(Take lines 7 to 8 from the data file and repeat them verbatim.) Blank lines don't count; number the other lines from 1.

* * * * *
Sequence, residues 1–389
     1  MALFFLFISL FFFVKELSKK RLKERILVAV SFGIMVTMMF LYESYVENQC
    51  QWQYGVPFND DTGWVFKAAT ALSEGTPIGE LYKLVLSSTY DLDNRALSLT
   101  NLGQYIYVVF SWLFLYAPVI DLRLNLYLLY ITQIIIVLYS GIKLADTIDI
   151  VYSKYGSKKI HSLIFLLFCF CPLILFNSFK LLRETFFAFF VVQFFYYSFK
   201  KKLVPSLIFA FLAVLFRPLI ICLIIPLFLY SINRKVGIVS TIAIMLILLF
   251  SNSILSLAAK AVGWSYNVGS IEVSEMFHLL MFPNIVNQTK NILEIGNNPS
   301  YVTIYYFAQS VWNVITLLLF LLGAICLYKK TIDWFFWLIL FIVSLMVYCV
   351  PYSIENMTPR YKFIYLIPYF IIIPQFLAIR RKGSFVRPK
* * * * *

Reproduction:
   251  SNSILSLAAK AVGWSYNVGS IEVSEMFHLL MFPNIVNQTK NILEIGNNPS
   301  YVTIYYFAQS VWNVITLLLF LLGAICLYKK TIDWFFWLIL FIVSLMVYCV